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Author Topic: Help Identifying a Waltham Watch Case!  (Read 2806 times)
Nefthys
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« on: January 18, 2011, 05:49:00 pm »

Hello,

The collections manager at the museum I work at approached me with a Waltham Pocket Watch Case. He needed to know more about it to put into the collection archives on the artefact. He knew that I collected pocket watches and asked if I could tell him anything about it. Apart from knowing it's a watch case, I cannot tell him more. Below are some pictures and I am wondering if anyone can help with some more information. When it was made? Where it was made? The type of people who would have used it? And if at all possible, it's value at time of purchase, and value today?

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Cheers!
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Abslomrob
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« Reply #1 on: January 18, 2011, 08:42:04 pm »

I'm guessing it was a shipping container.  Back at the turn of the century, watchmakers (for the most part) didn't make cases, they just made the movement.  Jewelry stores would stock movements and cases separately, and the buyer would select one of each.  The in-house watchmaker would then mount the movement in the case.  Obviously then, the watch manufactures need to create containers to ship the raw movements in, so that the movement wouldn't become damaged or dirty.  This is probably one of those.

Now having said that, most of the shipping containers I've seen are simply round tin affairs; I've never seen one like this before.  Could be size thing (how big is it?) or it could be relative to the quality of the movement (higher end movements shipped in containers with glass, so you could see the movement without opening the tin).  Here's an example:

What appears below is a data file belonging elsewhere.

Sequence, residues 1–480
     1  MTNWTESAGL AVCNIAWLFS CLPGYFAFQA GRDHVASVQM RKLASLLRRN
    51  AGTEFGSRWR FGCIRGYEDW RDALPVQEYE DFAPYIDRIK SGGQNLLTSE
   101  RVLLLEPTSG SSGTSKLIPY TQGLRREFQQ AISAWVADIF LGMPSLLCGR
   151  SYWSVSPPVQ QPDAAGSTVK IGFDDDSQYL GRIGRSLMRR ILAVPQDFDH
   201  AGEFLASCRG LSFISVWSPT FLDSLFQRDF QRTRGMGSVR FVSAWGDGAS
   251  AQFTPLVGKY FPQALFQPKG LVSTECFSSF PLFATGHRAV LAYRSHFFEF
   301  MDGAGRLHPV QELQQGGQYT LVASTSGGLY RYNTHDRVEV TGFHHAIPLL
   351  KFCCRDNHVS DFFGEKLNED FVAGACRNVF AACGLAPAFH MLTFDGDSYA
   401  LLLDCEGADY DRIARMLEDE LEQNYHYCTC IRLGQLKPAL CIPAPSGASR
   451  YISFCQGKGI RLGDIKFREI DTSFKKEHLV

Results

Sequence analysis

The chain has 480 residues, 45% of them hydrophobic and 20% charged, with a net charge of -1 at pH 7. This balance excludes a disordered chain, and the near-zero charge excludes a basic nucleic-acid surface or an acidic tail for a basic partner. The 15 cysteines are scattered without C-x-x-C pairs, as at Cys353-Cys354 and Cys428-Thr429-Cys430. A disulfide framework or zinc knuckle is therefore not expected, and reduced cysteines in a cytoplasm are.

http://cgi.ebay.ca/2-Waltham-18S-Glass-back-Movement-Shipping-Containers-/380306543145?pt=Pocket_Watches&hash=item588c095229

In general, such tins aren't worth a great deal, but there's always collectors looking for 'em. 
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Nefthys
Snr. Officer
****
Canada Canada


Captain of the Airship Odonata


« Reply #2 on: January 18, 2011, 10:06:50 pm »

It is 2.5 inches high and wide, and 1 inch in depth. It came out of a Second World War soldiers pack. My Waltham pocket watch fits into it quite nicely. 
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Abslomrob
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« Reply #3 on: January 19, 2011, 06:15:36 pm »

Interesting.  In the 1920's, Waltham started selling factory-cased pocket watches again ( the "Colonial" series); this may have been a shipping container for one of those.  I can't imagine that it would have been designed for daily use; I wouldn't trust those clips to hold the watch secure, and the whole point to putting a watch on a chain was so that if you dropped it, it wouldn't get destroyed.  This box wouldn't help that.  You said that your pocket watch fits into it; how big is your watch?  My rough calculations based on the dimensions you posted suggests that this would accept a watch approximately 1.9" in diameter, which would be a 12 or 14 size watch. 
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watch_guy
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United States United States


« Reply #4 on: January 20, 2011, 06:52:51 pm »

I have a box full of glass-back shipping tins, and just went through and measured a couple of Waltham-marked ones.

Even the largest ones-that will hold an 18 size watch, are 1 7/8" in diameter and 3/4" thick. Thus, I believe that this could have easily any size watch in a glassback tin, even up to an 18 size.

I've seen this sort of packaging holding 1892 model Vanguards, although such watches were long out of production by WWII. I've also seen similar boxes holding 16 size 1908 Vanguards(in shipping tins) on up through the 1920s and 1930s.

I would just about guess that this is earlier than WWII-perhaps the soldier had re-purposed it for other uses. Around this time(and on up after the war) Hamilton was packaging their 16 size RR watches in a flip-top plastic box that could be used as a cigarette box after the watch was removed-perhaps the owner of this box had similar ideas.
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Abslomrob
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« Reply #5 on: February 08, 2011, 09:47:29 pm »

A member on another board mentioned the use of external shock-absorbing cases for navigation pocketwatches (you can see an example here:
http://www.mwrforum.net/forums/showthread.php?t=20904 ).  

These were military grade cases used for the AN-5740 navigation timers, but the concept seems similar to what your case provides.
« Last Edit: February 08, 2011, 09:55:22 pm by Abslomrob » Logged
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